3.132.2. When the Egyptian physicians who until now had attended the king were about to be impaled for being less skilful than a Greek, Democedes interceded with the king for them and saved them; and he saved an Elean seer, too, who had been a retainer of Polycrates' and was forgotten among the slaves. Democedes was a man of considerable influence with the King. 5.44.2. This is the story which the Sybarites tell of Dorieus and his companions, but the Crotoniats say that they were aided by no stranger in their war with Sybaris with the exception of Callias, an Elean diviner of the Iamid clan. About him there was a story that he had fled to Croton from Telys, the tyrant of Sybaris, because as he was sacrificing for victory over Croton, he could obtain no favorable omens. 7.228. There is an inscription written over these men, who were buried where they fell, and over those who died before the others went away, dismissed by Leonidas. It reads as follows: quote type="inscription" l met="dact"Here four thousand from the Peloponnese once fought three million. /l /quote ,That inscription is for them all, but the Spartans have their own: quote type="inscription" l met="dact"Foreigner, go tell the Spartans that we lie here obedient to their commands. /l /quote ,That one is to the Lacedaemonians, this one to the seer: quote type="inscription" l met="dact"This is a monument to the renowned Megistias, /l lSlain by the Medes who crossed the Spercheius river. /l lThe seer knew well his coming doom, /l lBut endured not to abandon the leaders of Sparta. /l /quote ,Except for the seer's inscription, the Amphictyons are the ones who honored them by erecting inscriptions and pillars. That of the seer Megistias was inscribed by Simonides son of Leoprepes because of his tie of guest-friendship with the man. 9.33.1. On the second day after they had all been arrayed according to their nations and their battalions, both armies offered sacrifice. It was Tisamenus who sacrificed for the Greeks, for he was with their army as a diviner; he was an Elean by birth, a Clytiad of the Iamid clan, and the Lacedaemonians gave him the freedom of their city. 9.37. Mardonius' sacrifices also foretold an unfavorable outcome if he should be zealous to attack first, and good if he should but defend himself. He too used the Greek manner of sacrifice, and Hegesistratus of Elis was his diviner, the most notable of the sons of Tellias. This man had been put in prison and condemned to die by the Spartans for the great harm which he had done them. ,Being in such bad shape inasmuch as he was in peril of his life and was likely to be very grievously maltreated before his death, he did something which was almost beyond belief; made fast in iron-bound stocks, he got an iron weapon which was brought in some way into his prison, and straightway conceived a plan of such courage as we have never known; reckoning how best the rest of it might get free, he cut off his own foot at the instep. ,This done, he tunneled through the wall out of the way of the guards who kept watch over him, and so escaped to Tegea. All night he journeyed, and all day he hid and lay hidden in the woods, till on the third night he came to Tegea, while all the people of Lacedaemon sought him. The latter were greatly amazed when they saw the half of his foot which had been cut off and lying there but not were unable to find the man himself. ,This, then, is the way in which he escaped the Lacedaemonians and took refuge in Tegea, which at that time was unfriendly to Lacedaemon. After he was healed and had made himself a foot of wood, he declared himself an open enemy of the Lacedaemonians. Yet the enmity which he bore them brought him no good at the last, for they caught him at his divinations in Zacynthus and killed him. 9.37.1. Mardonius' sacrifices also foretold an unfavorable outcome if he should be zealous to attack first, and good if he should but defend himself. He too used the Greek manner of sacrifice, and Hegesistratus of Elis was his diviner, the most notable of the sons of Tellias. This man had been put in prison and condemned to die by the Spartans for the great harm which he had done them. 9.95. Deiphonus, the son of this Evenius, had been brought by the Corinthians, and was the army's prophet. But I have heard it said before now, that Deiphonus was not the son of Evenius, but made a wrongful use of that name and worked for wages up and down Hellas.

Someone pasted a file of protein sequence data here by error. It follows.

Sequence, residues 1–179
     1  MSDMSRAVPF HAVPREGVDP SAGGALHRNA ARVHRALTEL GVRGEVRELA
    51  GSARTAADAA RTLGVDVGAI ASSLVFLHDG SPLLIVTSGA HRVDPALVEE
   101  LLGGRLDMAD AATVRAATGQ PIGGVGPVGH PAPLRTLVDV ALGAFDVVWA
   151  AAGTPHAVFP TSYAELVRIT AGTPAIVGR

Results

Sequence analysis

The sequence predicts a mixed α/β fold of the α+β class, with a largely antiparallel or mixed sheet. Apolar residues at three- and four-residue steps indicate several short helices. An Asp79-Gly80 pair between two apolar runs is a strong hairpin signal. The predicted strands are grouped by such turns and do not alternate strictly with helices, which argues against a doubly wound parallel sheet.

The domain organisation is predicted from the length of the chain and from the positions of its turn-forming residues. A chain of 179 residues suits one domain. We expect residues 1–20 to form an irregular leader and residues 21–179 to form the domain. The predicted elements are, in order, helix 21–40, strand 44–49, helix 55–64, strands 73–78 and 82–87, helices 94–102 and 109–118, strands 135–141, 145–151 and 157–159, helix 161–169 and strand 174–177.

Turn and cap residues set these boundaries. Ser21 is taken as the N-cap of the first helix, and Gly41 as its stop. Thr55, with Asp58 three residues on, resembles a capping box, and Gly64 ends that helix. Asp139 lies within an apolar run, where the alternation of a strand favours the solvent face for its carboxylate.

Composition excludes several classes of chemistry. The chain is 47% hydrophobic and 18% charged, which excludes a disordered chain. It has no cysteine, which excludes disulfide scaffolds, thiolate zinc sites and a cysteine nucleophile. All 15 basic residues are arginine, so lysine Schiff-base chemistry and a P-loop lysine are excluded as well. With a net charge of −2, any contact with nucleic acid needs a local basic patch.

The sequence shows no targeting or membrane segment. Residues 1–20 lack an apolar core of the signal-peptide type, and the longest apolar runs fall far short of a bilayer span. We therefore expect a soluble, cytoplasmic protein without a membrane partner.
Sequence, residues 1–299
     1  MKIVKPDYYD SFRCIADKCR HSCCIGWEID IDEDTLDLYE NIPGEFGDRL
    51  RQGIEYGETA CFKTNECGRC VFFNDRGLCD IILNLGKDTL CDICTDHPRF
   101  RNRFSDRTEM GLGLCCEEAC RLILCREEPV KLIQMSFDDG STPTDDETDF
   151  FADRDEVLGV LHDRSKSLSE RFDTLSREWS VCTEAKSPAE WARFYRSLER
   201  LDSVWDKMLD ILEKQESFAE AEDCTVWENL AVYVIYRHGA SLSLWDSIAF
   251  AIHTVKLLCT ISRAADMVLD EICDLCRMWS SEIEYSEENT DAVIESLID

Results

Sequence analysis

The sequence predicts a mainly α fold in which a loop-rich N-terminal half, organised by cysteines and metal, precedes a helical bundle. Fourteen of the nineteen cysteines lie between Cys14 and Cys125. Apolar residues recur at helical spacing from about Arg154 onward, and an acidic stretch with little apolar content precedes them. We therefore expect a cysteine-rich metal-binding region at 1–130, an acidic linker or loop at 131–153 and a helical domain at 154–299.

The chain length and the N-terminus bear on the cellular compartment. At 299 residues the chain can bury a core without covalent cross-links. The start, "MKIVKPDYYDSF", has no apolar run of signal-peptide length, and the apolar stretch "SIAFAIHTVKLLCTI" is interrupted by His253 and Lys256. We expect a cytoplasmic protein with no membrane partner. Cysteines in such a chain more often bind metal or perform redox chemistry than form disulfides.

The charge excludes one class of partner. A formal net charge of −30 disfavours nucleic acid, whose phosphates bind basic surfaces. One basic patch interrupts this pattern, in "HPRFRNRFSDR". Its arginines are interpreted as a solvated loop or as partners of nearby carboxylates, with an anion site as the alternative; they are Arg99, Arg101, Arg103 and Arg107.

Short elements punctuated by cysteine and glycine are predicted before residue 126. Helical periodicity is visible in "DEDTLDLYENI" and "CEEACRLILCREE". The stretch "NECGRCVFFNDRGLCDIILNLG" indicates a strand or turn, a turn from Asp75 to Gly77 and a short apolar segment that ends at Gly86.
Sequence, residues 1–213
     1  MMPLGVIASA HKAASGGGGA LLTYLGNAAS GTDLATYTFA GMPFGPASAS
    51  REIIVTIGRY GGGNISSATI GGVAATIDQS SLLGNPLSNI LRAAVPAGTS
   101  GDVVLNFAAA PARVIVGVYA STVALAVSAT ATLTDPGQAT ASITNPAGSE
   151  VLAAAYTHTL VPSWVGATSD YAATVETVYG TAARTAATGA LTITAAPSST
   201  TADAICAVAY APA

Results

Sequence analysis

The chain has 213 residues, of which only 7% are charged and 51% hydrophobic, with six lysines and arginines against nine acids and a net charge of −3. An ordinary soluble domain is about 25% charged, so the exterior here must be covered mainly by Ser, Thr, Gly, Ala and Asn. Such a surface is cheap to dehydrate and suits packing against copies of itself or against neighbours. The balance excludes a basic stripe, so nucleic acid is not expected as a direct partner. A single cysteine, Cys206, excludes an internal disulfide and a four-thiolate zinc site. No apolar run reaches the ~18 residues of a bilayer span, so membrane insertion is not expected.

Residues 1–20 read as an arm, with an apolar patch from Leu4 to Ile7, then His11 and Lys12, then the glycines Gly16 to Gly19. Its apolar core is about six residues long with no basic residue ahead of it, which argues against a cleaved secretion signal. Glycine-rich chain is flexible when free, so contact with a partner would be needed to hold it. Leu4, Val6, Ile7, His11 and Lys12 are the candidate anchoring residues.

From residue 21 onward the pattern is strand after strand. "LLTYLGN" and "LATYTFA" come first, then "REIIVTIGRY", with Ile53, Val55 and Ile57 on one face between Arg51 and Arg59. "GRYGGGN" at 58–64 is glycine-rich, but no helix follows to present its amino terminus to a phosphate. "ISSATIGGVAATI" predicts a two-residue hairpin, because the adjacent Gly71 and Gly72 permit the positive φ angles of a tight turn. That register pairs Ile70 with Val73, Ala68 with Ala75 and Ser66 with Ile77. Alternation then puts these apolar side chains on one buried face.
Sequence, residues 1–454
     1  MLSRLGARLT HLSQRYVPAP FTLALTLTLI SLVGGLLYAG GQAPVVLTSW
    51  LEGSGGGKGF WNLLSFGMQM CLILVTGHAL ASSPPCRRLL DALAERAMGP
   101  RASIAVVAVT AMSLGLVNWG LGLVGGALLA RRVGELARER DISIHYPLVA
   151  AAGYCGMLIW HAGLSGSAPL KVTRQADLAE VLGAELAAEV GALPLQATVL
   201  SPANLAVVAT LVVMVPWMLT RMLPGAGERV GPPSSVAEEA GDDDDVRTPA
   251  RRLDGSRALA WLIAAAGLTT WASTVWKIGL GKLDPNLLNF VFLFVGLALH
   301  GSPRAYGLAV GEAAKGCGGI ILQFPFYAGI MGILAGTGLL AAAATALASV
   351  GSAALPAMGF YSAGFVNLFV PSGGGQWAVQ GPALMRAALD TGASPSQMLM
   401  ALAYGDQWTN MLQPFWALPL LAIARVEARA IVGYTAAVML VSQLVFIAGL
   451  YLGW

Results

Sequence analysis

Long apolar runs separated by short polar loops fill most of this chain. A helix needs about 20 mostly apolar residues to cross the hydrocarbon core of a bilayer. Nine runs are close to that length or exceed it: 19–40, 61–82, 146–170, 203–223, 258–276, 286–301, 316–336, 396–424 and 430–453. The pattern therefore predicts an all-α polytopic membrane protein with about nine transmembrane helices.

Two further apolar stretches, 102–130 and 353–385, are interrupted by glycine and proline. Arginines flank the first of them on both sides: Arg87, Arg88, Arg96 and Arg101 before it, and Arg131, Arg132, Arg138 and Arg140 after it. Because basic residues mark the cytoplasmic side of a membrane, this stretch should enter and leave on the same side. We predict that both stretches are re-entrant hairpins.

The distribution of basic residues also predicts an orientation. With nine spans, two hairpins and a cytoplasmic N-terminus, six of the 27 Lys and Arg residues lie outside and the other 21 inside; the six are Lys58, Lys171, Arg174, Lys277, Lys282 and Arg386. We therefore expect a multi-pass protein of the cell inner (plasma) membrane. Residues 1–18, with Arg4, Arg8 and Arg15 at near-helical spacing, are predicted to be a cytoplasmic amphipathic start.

9. Thucydides, The History of The Peloponnesian War, 2.68, 6.69.2 (5th cent. BCE - 4th cent. BCE)